^
Keep New Times Free
4

Seven Stories Celebrating Women in the Phoenix Food World

Sandra Felicidad Cervera Gallardo smiles as she fries stuffed bell peppers outside of her house.EXPAND
Sandra Felicidad Cervera Gallardo smiles as she fries stuffed bell peppers outside of her house.
José-Ignacio Castañeda

It may have felt like it less in 2020 than in recent years, but March has been Women's History Month. Obviously, a serious, unprecedented pandemic told hold of our attention spans and hasn’t let go, but a number of female-focused stories still shone through — many of which as a result of the coronavirus.

Let’s take a look back at some of the more recent and impressive stories we’ve seen about women in Phoenix’s food world — each heralding that "each for equal" message.

'Meet the Glendale Woman Appearing on Andrew Zimmern’s New Show'

“I sincerely didn’t like cooking," Sandra Felicidad Cervera Gallardo says, confessing to her feelings toward the stove earlier in life, when living in Mexico City. Now, Cervera Gallardo resides in Glendale, owns Felicidad Catering, and was featured this month on the MSNBC limited series What’s Eating America — hosted by award-winning chef Andrew Zimmern.

Pastry Chef Christine Conner showcases her Ocean 44 dessert creations.EXPAND
Pastry Chef Christine Conner showcases her Ocean 44 dessert creations.
Prime Steak Concepts

'Spotlight: Pastry Chef Christine Conner of Ocean 44, Steak 44, and Dominick's Steakhouse'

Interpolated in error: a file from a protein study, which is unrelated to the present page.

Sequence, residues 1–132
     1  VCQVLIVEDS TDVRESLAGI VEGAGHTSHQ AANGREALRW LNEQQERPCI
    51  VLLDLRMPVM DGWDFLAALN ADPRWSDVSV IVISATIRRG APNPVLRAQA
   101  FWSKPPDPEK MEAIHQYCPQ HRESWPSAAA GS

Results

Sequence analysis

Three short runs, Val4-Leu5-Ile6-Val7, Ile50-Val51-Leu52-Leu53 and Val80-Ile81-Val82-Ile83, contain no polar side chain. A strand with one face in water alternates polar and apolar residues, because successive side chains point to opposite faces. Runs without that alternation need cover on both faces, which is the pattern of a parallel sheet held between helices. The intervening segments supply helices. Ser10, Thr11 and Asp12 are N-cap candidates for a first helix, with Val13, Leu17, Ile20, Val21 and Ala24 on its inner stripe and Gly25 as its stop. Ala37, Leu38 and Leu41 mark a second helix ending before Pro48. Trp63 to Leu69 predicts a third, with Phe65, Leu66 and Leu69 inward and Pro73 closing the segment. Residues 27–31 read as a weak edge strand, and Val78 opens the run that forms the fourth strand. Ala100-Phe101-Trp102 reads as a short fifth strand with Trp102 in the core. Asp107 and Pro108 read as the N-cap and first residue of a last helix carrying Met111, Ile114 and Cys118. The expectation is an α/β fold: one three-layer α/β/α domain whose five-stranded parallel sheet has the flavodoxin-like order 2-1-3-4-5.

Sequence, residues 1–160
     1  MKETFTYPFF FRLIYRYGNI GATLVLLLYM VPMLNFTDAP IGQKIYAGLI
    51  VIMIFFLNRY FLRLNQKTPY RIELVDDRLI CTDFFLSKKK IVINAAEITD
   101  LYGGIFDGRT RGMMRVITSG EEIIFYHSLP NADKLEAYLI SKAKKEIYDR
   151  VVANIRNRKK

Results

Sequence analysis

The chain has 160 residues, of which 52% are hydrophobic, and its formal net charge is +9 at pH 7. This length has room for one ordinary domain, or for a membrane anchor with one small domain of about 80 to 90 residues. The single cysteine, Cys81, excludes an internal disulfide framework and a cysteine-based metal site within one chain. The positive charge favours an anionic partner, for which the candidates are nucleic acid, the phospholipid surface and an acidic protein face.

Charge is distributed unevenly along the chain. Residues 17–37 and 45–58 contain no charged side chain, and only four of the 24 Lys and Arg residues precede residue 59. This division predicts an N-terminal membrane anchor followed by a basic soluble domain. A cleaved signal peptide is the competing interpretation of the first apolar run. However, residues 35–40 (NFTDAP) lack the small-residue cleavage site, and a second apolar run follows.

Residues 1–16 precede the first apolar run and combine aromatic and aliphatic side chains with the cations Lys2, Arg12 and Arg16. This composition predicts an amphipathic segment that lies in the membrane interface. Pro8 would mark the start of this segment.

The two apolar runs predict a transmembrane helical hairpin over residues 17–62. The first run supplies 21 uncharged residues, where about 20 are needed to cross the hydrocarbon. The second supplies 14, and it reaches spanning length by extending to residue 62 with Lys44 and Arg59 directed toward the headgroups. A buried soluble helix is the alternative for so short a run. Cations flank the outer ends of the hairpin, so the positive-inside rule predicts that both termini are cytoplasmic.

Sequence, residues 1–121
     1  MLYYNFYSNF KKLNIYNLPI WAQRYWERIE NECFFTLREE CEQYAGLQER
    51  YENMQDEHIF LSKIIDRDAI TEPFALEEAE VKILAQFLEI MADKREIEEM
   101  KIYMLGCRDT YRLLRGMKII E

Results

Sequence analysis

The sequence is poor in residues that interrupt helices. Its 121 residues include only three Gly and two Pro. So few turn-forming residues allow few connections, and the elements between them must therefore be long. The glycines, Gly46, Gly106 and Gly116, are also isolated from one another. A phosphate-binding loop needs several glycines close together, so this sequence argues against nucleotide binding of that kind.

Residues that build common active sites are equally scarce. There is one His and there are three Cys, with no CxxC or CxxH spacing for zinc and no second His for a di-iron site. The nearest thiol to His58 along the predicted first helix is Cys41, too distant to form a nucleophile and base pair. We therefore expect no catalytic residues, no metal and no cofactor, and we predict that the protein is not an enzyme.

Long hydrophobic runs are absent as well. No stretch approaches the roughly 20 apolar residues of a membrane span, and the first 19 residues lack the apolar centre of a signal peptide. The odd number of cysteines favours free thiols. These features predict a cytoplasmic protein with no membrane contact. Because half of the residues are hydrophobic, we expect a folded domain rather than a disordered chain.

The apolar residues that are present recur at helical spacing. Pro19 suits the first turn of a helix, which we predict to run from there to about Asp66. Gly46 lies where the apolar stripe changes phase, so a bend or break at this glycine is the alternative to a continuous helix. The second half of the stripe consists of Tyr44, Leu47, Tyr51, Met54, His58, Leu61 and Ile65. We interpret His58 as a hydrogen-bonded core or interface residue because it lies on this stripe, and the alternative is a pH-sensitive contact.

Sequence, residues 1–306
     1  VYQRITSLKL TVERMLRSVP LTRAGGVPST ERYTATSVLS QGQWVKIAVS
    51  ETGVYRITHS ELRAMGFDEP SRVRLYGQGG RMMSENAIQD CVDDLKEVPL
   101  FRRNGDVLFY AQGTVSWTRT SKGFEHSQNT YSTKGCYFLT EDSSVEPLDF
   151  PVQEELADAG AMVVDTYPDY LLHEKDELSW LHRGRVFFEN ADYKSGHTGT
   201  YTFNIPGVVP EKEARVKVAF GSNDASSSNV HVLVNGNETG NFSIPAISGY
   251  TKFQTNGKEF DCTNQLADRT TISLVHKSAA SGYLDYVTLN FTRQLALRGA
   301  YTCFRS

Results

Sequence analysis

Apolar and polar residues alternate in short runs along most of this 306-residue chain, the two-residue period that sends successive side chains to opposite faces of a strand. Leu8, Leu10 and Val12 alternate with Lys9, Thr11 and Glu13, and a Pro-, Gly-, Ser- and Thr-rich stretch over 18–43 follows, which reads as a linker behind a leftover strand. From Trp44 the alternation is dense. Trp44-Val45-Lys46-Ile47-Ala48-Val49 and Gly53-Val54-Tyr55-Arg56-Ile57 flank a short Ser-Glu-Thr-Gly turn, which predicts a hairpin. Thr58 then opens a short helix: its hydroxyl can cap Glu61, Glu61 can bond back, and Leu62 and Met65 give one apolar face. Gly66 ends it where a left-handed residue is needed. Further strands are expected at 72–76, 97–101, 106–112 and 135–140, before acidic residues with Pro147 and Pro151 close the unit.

How did Christine Conner rise to the role of head pastry chef for Prime Steak Concepts? By first struggling in a college accounting class. Then, after enrolling in the Scottsdale Culinary Institute, Conner thought she’d become a butcher. Now, a natural love for baking and experimentation motivates the pastry chef at Ocean 44, Steak 44, and Dominick's Steakhouse.

The Colfax, CA cocktail with seasonal offerings from Chef Sacha Levine.EXPAND
The Colfax, CA cocktail with seasonal offerings from Chef Sacha Levine.
Jackie Mercandetti Photo

'Review: Century Grand — the Highest-Velocity Bar Eats in Town'

We started our review of Century Grand, the Arcadia cocktail bar and dining experience, strong: “Century Grand might be one of the most exceptional food and drink experiences in town.” Chef Sacha Levine is behind the stoves at Century Grand — meaning the food has the creativity, range, and history (to go with the 1920s theme) to match the wild cocktails. See why we think Levine is one of the Valley’s top talents with vegetables and seasonal bounty.

Rancho Pinot was one of the first restaurants to shut down its dining rooms because of the coronavirus.EXPAND
Rancho Pinot was one of the first restaurants to shut down its dining rooms because of the coronavirus.
Jackie Mercandetti Photo

'Closed, for Now: The Dining Rooms at FnB Restaurant and Rancho Pinot'

FnB Restaurant and Rancho Pinot, two of the Phoenix area’s most regarded eateries, were two of the first restaurants to shut down the dining rooms due to the coronavirus. Both establishments are home to well-known female co-owners and chefs — Charleen Badman at FnB and Chrysa Robertson at Rancho Pino. Since, both businesses have gone one step further, completely shuttering operations to reduce the spread of COVID-19.

Leslie Silverglide is the co-founder and CEO of MIXT.EXPAND
Leslie Silverglide is the co-founder and CEO of MIXT.
Rudri Bhatt Patel